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ST. LOUIS — The chief medical officer of Missouri’s lone abortion clinic offered a spirited defense of the facility and its services Wednesday, saying abortion is a simple procedure that can have “profoundly” positive effects.

“It’s about humanity,” Dr. Colleen McNicholas told a commissioner who will decide the fate of the facility’s license to operate. “It’s about the respect for parenting. It’s about valuing life. Abortion is one of the safest procedures we have in medicine.”

But, she added, “Abortion is health care and there will be complications.”

McNicholas testified on the third day of an administrative hearing on the decision by Missouri’s Department of Health and Senior Services to not renew the abortion provider’s license.

Her testimony came a day after the state agency’s director, Dr. Randall Williams, said his department had tracked the menstrual cycles of Planned Parenthood patients as part of an effort to identify any “failed abortions” at the clinic.

Williams said an investigator made a spreadsheet that included the dates of patients’ last periods. He said the goal was to find women who had needed multiple procedures to complete an abortion.

The head of the St. Louis clinic called the tracking “deeply disturbing” and Missouri House Minority Leader Crystal Quade, D-Springfield, called for an investigation to see whether patient privacy was compromised or laws were broken.

“State law requires the health department director to be ‘of recognized character and integrity,’” Quade said in a statement. “This unsettling behavior calls into question whether Dr. Williams meets that high standard.”

The Department of Health and Senior Services issued a statement Wednesday evening denying that Williams had ordered such a spreadsheet to be created. The department said regulators “devised a means to efficiently investigate” failed surgical abortions. The first time Williams saw the spreadsheet, the statement said, was at a deposition on Oct. 17.

Senate Minority Leader Gina Walsh, D-Bellefontaine Neighbors, sent a letter to Gov. Mike Parson, saying he should investigate.

“This is not only an invasion of privacy, but it is alarming and disturbing,” Walsh said.

The Republican governor’s likely Democratic opponent in the November 2020 election also weighed in, calling it a “brazen violation of women’s private health information.”

“Gov. Mike Parson has shown his willingness to weaponize his regulatory authority to interfere in gross, weird and medically unnecessary ways,” said state Auditor Nicole Galloway.

Parson’s office did not respond to a request for comment. But Williams has stirred controversy before.

The license dispute dates to a March inspection. That annual visit led to a probe that found four women who required multiple medical procedures.

Planned Parenthood attorneys say the state “cherry-picked” a handful of difficult cases out of an estimated 3,000 otherwise successful abortions. They have accused the state of using the licensing process as a tool to eliminate abortions in Missouri.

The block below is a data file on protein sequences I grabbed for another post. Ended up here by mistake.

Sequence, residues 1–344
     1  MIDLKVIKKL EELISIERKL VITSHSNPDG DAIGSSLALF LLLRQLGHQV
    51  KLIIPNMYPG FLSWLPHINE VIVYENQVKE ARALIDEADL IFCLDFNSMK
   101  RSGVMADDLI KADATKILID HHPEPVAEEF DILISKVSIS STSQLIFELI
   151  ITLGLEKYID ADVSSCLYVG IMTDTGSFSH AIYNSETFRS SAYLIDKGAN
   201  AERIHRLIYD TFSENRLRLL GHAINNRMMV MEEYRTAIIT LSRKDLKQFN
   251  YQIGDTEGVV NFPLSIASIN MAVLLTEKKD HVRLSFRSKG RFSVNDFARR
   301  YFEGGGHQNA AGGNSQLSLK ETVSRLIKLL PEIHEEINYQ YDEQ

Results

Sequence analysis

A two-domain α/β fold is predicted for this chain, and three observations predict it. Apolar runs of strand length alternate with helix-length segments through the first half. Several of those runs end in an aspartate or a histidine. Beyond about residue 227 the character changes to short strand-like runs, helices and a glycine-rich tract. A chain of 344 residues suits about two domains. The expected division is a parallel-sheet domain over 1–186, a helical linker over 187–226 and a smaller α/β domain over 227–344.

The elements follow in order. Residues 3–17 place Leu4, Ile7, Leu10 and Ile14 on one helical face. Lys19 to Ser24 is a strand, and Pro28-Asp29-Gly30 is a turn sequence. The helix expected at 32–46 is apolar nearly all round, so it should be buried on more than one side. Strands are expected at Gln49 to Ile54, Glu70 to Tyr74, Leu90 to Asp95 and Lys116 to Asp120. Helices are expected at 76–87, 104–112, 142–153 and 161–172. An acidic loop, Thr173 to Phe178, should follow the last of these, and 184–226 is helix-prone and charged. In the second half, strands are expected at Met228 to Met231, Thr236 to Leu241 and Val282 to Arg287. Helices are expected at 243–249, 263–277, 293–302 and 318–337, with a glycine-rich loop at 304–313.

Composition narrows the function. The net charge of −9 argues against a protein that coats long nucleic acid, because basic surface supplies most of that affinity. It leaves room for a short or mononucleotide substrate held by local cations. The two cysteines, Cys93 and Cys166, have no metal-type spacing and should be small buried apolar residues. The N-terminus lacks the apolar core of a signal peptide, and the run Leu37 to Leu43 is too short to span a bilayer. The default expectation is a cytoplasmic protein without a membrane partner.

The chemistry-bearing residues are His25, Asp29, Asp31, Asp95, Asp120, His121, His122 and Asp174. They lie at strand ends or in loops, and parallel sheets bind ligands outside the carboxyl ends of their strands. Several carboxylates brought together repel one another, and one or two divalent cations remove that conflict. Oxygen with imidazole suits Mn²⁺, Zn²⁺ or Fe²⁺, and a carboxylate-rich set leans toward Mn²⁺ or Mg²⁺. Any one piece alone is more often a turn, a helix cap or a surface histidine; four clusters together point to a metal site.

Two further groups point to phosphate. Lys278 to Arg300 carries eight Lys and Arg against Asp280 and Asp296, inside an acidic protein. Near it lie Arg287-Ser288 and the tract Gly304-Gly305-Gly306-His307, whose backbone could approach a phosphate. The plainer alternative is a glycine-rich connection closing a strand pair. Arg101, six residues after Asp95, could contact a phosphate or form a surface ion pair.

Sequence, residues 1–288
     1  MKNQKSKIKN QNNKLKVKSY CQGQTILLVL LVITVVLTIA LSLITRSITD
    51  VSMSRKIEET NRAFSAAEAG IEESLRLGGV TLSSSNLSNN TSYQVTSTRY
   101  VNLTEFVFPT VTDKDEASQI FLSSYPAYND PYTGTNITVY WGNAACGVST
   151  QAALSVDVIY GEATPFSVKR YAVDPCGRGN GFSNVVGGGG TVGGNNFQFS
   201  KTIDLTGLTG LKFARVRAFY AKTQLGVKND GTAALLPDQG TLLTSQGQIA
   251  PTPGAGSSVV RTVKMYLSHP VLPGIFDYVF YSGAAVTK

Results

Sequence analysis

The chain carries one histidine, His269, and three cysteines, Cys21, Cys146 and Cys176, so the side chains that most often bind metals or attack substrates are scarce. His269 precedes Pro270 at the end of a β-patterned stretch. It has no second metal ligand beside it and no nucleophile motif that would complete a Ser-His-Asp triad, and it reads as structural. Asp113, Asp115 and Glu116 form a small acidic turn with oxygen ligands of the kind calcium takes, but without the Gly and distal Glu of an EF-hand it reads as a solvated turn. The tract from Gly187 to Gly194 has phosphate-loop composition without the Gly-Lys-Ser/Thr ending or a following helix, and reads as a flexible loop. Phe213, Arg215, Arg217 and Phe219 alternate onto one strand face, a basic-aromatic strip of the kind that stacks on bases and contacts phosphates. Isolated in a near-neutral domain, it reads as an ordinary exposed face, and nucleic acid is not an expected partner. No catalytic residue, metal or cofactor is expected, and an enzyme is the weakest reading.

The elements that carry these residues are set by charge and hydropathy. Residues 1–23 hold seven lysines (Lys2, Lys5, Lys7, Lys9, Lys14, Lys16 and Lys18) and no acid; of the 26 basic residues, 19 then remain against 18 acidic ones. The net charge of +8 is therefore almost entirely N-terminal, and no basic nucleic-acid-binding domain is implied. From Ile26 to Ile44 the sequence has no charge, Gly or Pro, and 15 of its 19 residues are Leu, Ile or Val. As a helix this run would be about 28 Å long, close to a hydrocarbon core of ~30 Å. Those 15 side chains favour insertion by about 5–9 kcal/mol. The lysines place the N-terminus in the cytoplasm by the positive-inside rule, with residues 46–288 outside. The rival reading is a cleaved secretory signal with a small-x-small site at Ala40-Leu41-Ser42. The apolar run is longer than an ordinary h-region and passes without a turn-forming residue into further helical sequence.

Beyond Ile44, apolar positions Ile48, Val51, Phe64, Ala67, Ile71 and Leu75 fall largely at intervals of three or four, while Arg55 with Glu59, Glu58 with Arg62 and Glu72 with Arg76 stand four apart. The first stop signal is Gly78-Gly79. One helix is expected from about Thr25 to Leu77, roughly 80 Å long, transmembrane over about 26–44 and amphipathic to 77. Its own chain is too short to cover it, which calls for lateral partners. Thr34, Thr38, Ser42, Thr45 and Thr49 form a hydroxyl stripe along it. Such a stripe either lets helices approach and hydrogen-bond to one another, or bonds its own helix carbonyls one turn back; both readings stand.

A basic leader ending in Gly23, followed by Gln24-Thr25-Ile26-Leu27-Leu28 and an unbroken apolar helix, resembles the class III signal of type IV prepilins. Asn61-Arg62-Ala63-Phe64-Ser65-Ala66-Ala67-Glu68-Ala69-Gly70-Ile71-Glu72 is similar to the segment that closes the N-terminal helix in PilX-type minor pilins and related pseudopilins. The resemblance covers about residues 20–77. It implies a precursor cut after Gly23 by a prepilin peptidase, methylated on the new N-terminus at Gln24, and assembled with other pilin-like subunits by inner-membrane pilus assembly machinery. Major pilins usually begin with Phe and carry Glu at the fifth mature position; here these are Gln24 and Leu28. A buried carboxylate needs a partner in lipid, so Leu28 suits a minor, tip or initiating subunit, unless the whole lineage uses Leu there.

Planned Parenthood’s expert witness, Dr. Daniel Grossman, testified that many of the problems cited by the state are common and not signs of a failure to protect patient safety.

McNicholas testified that there had been two failed abortions since January out of more than 4,200 patients. Grossman said that number wasn’t a cause for concern.

“It’s a very low rate,” said Grossman, a public health researcher on abortion and contraception from San Francisco.

McNicholas also provides abortion services in Kansas and Oklahoma, which she said are similar in their restrictions to Missouri. But, she said providing services in the Show-Me State is the toughest because of laws like the 72-hour waiting period and parental notification.

“Missouri is the most restrictive,” she said.

In more than three hours of testimony, McNicholas outlined the process a woman goes through when she arrives at the facility on Forest Park Avenue, including medical testing and education that occurs on the first visit. That day starts a 72-hour countdown toward the actual procedure, based on the mandated waiting period imposed by the Republican-led Missouri Legislature.

She also walked through the cases flagged by the health department, drawing pictures to illustrate the process and displaying medical tools to explain their uses by medical personnel.

In one case, she said an abortion that normally takes five minutes met with complications because of the shape of the patient’s uterus.

In another, doctors did not know their patient was pregnant with twins when they began the procedure.

“Physicians make mistakes,” McNicholas said. “Unfortunately, complications do occur.”

In another case, a woman who had previously undergone a cesarean section delivery began to bleed and was transferred to Barnes-Jewish Hospital for more advanced treatment. She lost 2 liters of blood.

McNicholas said there were a number of potential medical reasons for the bleeding and that proper steps were taken.

“All of these things are demonstrations that the system is working,” McNicholas said.

The Administrative Hearing Commission isn’t expected to rule on the licensing issue until February at the earliest. The clinic remains open.

If the license isn’t renewed, Missouri would become the first state without an abortion clinic since 1974, the year after the Supreme Court’s Roe v. Wade decision.

Parson signed legislation in May banning abortions at or beyond eight weeks of pregnancy, with exceptions for medical emergencies but not for rape or incest. The law is on hold while a legal challenge plays out in federal court.

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